As long suffering Nikon D300 and Nikon D300s users know, the D400 has been something of a mirage on the horizon; we've seen it from a distance, but the closer we've come, the further away it gets. Last year, (2012) the rumors were all over the place, but the most credible rumors were uncannily close to what the D7100 eventually turned out to be. If you match specs to rumors, the D7100 is almost what people expected, minus appropriate buffer size, full metal body and the traditional Nikon "pro" control layout. Fast forward to the middle of 2013, and the D400 rumors are on again. So, if the D7100 is already a great camera, all we need to do is add back the full metal frame and larger buffer, and then people will be happy, right?
No; and here's why:
In product marketing, you want to shoot for where the market will be going, not where it is already. A better version of the D7100 is what the semi-pro crow wants now, but it won't remain competitive over the 2-3 year model lifespan. As I said last year, it was almost certain that the D400/D7100 (we didn't know which back then) would be a 24mp sensor, only that it wouldn't be the same as the one used in the D3100 at the time. It would be better. Same principle applies today; the D400 can't be the same as the D7100, it must be better.
But how? It used to be that Nikon and Canon would first introduce a sensor family in their semi-pro lines, and then roll out a cheaper version with their enthusiast cameras. That worked for a number of years; you would always get some D90 level shooters who couldn't wait and who instead grabbed the D300 because it came out first and was the latest and greatest at the time. This strategy worked because it preserved the higher average selling price of the Dxxx cameras, and made sure that Nikon could maximize their profit potential before rolling out the lower margin enthusiast level DSLRs. In recent years this strategy got turned on its head. The flooding in Thailand and the earthquake in Japan altered a number of shipping dates, the world economy has not lived up to forecasted expectations, and both Nikon and Canon disrupted their normal product rollout with the introduction of affordable full frame cameras. Now what we have is the lower end being introduced first; we have yet to see the higher end. We've had the D7100 for a number of months, and new we have the Canon 70D announcement. Still, there is no concrete information about the D400 or the 7DmII.
The D200 and D300 both had larger buffers and faster frame rates than the D80 and D90. The D7100 has the same frame rate as the D300, and can almost pass for a semi-pro camera were it not for the buffer. I would argue that the D400 would have to be capable of 8fps in order to differentiate it from the D7100; 7fps won't cut it because it's too close to 6fps. Also, 8fps slots in nicely under the D4 in the 9-11 fps range. This is assuming that the D400 uses the same or a variant of the Toshiba 24mp sensor.
Here is a table showing the processor throughput of various Nikon DSLR's since the D3/D300 generation, as expressed in megabytes per second. (Throughput = resolution * bit depth * fps). Despite how the marketing simplifies the messaging, there is no such thing as a common Expeed processor; within each generation, each camera uses a different variation. In general, the full-frame professional cameras tend to get higher specifications than the DX cameras, with the overall throughput champ being the D4.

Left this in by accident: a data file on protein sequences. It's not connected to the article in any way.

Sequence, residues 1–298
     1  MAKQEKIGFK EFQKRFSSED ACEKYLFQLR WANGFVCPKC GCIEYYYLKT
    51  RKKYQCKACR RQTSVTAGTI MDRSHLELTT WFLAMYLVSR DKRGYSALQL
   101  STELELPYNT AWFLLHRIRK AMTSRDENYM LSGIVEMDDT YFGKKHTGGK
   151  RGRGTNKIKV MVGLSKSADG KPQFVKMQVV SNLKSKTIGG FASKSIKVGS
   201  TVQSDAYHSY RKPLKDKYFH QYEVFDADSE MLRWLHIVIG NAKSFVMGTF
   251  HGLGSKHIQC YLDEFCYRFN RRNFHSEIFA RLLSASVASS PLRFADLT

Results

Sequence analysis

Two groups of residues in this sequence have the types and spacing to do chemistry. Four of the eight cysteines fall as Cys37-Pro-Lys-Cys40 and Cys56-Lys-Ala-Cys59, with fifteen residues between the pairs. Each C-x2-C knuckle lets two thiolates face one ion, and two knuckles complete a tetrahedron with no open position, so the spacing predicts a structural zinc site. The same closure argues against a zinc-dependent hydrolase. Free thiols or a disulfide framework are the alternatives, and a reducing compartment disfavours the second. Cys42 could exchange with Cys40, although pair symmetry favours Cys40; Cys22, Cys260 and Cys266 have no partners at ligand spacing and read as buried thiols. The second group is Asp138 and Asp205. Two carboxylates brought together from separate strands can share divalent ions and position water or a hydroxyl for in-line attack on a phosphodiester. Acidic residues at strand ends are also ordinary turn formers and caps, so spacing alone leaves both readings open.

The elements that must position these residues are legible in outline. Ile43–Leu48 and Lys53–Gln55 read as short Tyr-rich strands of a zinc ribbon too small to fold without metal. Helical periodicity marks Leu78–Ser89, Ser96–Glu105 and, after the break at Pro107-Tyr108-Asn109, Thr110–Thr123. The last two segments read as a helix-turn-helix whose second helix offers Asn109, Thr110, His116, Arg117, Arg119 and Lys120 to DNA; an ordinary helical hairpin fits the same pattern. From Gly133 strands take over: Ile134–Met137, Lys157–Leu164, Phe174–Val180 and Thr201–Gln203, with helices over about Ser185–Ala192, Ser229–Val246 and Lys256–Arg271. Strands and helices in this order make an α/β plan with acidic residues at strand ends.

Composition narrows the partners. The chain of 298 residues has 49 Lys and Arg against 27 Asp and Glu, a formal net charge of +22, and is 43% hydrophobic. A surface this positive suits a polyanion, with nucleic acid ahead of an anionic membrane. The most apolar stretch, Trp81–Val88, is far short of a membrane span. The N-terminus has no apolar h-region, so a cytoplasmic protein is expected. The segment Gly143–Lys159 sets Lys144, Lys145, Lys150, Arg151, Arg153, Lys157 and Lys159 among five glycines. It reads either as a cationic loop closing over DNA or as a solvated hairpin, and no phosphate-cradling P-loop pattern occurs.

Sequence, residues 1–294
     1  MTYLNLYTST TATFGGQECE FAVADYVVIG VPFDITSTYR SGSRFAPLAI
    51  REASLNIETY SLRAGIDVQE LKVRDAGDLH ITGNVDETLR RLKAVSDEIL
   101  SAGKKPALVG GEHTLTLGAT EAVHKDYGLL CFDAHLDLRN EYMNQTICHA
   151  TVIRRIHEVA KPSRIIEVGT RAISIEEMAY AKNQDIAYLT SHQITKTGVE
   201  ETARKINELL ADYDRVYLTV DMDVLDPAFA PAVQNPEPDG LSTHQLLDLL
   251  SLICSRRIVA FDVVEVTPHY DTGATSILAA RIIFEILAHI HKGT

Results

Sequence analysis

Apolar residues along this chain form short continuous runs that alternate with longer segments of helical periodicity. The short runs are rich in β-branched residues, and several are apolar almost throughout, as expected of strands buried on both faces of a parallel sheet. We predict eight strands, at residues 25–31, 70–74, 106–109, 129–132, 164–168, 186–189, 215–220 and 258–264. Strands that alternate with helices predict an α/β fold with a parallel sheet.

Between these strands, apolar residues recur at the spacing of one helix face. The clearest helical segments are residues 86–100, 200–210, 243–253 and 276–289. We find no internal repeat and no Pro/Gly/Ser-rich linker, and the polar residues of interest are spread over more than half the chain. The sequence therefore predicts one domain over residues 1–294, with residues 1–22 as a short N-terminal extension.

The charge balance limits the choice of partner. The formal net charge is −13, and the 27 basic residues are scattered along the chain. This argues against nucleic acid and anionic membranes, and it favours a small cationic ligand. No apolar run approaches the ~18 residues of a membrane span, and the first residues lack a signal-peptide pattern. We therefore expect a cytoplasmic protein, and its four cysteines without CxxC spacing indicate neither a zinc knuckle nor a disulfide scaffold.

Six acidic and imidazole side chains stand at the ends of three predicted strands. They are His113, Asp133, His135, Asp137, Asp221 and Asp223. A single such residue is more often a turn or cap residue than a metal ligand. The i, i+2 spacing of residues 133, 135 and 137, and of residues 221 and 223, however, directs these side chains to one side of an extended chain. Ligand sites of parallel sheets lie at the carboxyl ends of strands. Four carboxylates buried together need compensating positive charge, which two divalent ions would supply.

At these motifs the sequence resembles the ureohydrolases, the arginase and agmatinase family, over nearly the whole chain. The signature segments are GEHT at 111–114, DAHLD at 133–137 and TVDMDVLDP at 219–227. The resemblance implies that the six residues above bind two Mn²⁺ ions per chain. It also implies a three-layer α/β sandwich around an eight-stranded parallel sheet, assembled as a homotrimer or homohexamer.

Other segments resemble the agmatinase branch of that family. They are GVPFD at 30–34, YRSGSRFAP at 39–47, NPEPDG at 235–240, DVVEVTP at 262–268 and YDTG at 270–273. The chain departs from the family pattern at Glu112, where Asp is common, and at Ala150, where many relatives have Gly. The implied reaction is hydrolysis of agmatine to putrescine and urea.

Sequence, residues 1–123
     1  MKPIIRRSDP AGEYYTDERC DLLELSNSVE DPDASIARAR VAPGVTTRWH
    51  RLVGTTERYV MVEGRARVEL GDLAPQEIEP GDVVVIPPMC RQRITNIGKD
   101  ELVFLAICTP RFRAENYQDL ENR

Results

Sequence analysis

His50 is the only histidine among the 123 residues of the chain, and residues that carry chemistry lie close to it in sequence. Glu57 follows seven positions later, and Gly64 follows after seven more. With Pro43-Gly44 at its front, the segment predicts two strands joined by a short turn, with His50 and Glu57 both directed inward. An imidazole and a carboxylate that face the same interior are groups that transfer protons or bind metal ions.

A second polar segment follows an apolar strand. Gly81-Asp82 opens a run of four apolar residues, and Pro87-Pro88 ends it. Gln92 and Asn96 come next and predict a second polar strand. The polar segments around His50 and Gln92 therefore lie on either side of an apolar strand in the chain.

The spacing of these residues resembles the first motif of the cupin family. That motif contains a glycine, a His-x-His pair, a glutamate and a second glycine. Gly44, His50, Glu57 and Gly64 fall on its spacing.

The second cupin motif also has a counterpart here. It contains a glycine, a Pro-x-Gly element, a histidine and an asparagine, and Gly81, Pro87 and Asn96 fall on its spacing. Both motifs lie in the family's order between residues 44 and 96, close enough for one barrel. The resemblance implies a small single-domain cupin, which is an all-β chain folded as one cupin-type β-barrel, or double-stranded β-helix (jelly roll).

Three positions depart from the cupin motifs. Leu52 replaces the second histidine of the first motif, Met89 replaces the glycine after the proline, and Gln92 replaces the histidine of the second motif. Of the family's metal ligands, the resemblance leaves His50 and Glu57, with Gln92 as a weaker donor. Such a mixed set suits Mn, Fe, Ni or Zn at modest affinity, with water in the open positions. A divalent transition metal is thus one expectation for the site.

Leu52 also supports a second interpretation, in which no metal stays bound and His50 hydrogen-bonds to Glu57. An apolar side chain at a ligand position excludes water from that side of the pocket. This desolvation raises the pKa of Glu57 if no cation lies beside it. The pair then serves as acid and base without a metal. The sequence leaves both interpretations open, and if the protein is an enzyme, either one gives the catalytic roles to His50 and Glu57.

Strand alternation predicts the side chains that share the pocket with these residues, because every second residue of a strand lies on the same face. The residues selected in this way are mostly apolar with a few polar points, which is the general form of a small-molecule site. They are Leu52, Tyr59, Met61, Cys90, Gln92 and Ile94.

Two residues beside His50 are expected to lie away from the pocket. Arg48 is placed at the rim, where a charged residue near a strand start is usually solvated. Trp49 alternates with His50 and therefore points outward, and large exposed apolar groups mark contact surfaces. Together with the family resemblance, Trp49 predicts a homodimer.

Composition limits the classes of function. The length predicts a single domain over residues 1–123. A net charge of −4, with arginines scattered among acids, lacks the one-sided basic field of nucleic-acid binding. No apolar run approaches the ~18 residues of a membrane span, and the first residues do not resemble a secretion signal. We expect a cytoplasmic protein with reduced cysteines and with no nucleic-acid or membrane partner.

|Camera||Launch Date||Expeed Processor Generation||x||y||fps||Mb/s|
Below is a chart depicting the progress in Nikon DSLR processing power over time. Note that while there is a definite progression, we are not seeing a Moore's Law type of exponential increase over time. (Classically defined as a doubling of power every 18 months, though current estimates indicate that the actual doubling time is between two and three years within the overall computing industry). To give you an idea of how much further there is to go, Expeed 3 is manufactured on a 65nm process; Intel's Ivy Bridge series is produced on 22nm fabs.
What this shows is that Nikon currently doesn't have the processing power (at least in current models) to propel a hypothetical D400 to 8fps as a means of differentiating it from the D7100. To get to 8fps from 6fps is a 33% increase in processing power. Dropping in the D4 specification of Expeed 3 would bring the D400 fairly close to that benchmark, but would likely be an expensive way to do it. With it's high average selling price, the D4 can afford to use a brute force solution to processing, but because the D300/D400 line sells in relatively high volume, it would be bettered served by moving to a new generation of processor rather than overclocking the current one.
Dropping the resolution would be another way to achieve 8 frames per second, but this would be a retrograde step, as the resolution would come back to 18mp, not much more than the D7000. So based on expectations of where the D400 will have to be in terms of future performance, I think we will be looking at another generation of Expeed processors soon. Also, don't forget that having a lot of frames per second is useless unless the camera's autofocus can keep up. We're also talking about an upgrade in predictive AF to almost D3 performance levels. If and when the D400 arrives, it will almost certainly be an exciting camera, and not just "better." After all, it has the legacy of the D200 and D300 to live up to.